Bee Roots for 2022-03-27

The table provides clues for the roots of words in today's NY Times Spelling Bee. You're responsible for prefixes, suffixes, tense changes, plurals, doubling consonants before suffixes, and alternate spellings of roots. An exception: since Sam won't allow S, when the root contains an S, the clue may be for a plural or suffixed form. "Mice" for example. If a clue isn't self-explanatory, try googling it. The TL;DR about the site comes after the table.

Past clues are available here

Today's puzzle
  • Letters: O/ADMPRU
  • Words: 45
  • Points: 157
  • Pangrams: 1

Table content

  • with first two letters of answer and length
root #answers coveredanswer's first two lettersanswer's lengthclue for root (answer may need prefix, suffix, tense change, alt spelling, ...)
11AM4A supply of bullets, slang abbreviation
21AM5Love in French, noun
31AR5Passion (Latin “to burn”)
41AR5Protective covering against weapons (suit of …)
51AR5Pleasant smell (baking bread, e.g.)
61AU6Polar lights (… Borealis)
71DO4Extinct bird; or idiot, slang
91DO4Terrible fate (they fell to their …), or pioneering 1st person shooter game
101DO4Room or bldg. entrance
111DO4Student housing abbr.
121DO4Gloomy appearance or manner
81DO6Thingamajig, slang; ends in “father” nickname
141DR4Let fall, verb; or a tiny amount of liquid, noun
131DR5Sag, or hang limply
161MO4Emotional state (happy, angry, sad, etc.)
171MO4Othello (“The …”), noun; or to tie up a boat, verb
151MO5♀ parent, slang
181MU7Where you take off your shoes after playing outside (compound)
191OD4Bad smell (body …)
201PA7Government-owned hotel in Spain
211PA8Release people or supplies from a plane by ‘chute
221PA8Married person’s mistress (from French ‘by love’)
231PO4Ceremonial public display (Elgar’s “… & Circumstance March” at graduations)
261PO4Tire out (I’m …-ed); or defecate, slang
271PO4Lacking $, or worse than ideal
291PO4Flow rapidly in a steady stream
251PO6Cheerleader accessory
241PO9Upswept hairstyle named after a mistress of French King Louis XV, pangram
301PR4Poke, nudge, or spur (reluctant person or cattle)
311PR4Formal dance held in springtime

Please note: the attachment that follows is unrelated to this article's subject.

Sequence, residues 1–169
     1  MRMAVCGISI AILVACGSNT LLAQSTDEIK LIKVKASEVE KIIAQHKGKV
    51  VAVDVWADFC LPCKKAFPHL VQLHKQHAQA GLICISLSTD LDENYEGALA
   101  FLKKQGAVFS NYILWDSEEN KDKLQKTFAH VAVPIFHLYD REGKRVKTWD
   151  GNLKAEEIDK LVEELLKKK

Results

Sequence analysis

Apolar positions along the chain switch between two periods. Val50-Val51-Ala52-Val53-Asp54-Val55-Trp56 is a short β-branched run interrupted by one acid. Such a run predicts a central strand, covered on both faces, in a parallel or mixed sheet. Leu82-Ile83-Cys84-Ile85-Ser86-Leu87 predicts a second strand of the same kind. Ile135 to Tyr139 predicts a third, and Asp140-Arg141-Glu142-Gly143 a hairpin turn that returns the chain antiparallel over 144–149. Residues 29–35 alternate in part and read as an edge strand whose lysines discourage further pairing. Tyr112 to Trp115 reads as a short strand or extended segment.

331PR4Support (… up), verb; on-stage object or ballot initiative abbr., noun
321PR5A piece of publicity or advertising, especially in the form of a short film or video
341PR5Feeling deep pleasure or satisfaction as a result of your own achievements, or those of someone close to you
351RA6Stick for loading a gun, or adj. for rigid posture (compound)
361RO4Street ("Abbey …"), or “rocky …” ice cream flavor
381RO4Wander, or use your phone on another network
391RO4Lion “shout”
401RO4Play roughly and energetically, verb/noun
411RO4Large crucifix above altar, anagram of bldg. entrance
421RO4Chamber of a house (kitchen, bed-…, bath-…), noun/verb
371RO7Diagram that shows where highways and towns are (compound)
431RU5Scuttlebutt, gossip (… has it)
441UP4Women's hairstyle in which the hair is swept up and fastened away from the face and neck
451UP6Furor, turmoil

About this site

This site provides clues for a day's New York Times Spelling Bee puzzle. It exists to make it easier for Kevin Davis to take a day off. Most of the clues come from him. There may be some startup problems, but long term I think I can put the clues together with no more than half an hour's work.

The "Bee Roots" approach is to provide explicit clues for root words, not every word. This is similar to what Kevin Davis does, but without information about parts of speech As logophiles, we are pretty good at putting on prefixes and suffixes, changing tense, and forming plurals (including Latin plurals!). The clues cover root words, arranged alphabetically by root word, with a count of words in the puzzle that come from each root. For example, if a puzzle includes ROAM and ROAMING, there will be a clue for ROAM and a count of 2. The root may not appear in the puzzle at all; for example, the 2021-07-23 Bee included ICED, DEICE, and DEICED. For such a puzzle, the clue would be for ICE with a word count of 3.

The Bee Roots approach involves judgement sometimes. For example, if a puzzle includes LOVE, LOVED, and LOVELY, how many roots are needed to cover them? LOVE and LOVED share the root LOVE, certainly, but LOVELY is tricky. LOVE is part of its etymology, but by now, the word means "exquisitely beautiful," which is a lot farther from the meaning of LOVE than swithcing to past tense. I'm inclined to treat LOVE and LOVELY as separate roots. You may not agree, which is fine. Another thing we logophiles share is a LOVE of arguing about words on Twitter.

One last complication, until another one pops up: a few roots have multiple spellings, for example LOLLYGAG and LALLYGAG. Depending on the day's letters, and maybe even the editor's whims, one or both could be in the puzzle's answer list. With such roots, you could see a word count of 2, even if there are no applicable prefixes or suffixes.

I will do my best to keep this site up to date and helpful (I hope). Check it out, and tweet feedback to @donswartwout Tweet to @donswartwout

Many thanks to Kevin Davis, whose 4,500-word clue list made this possible.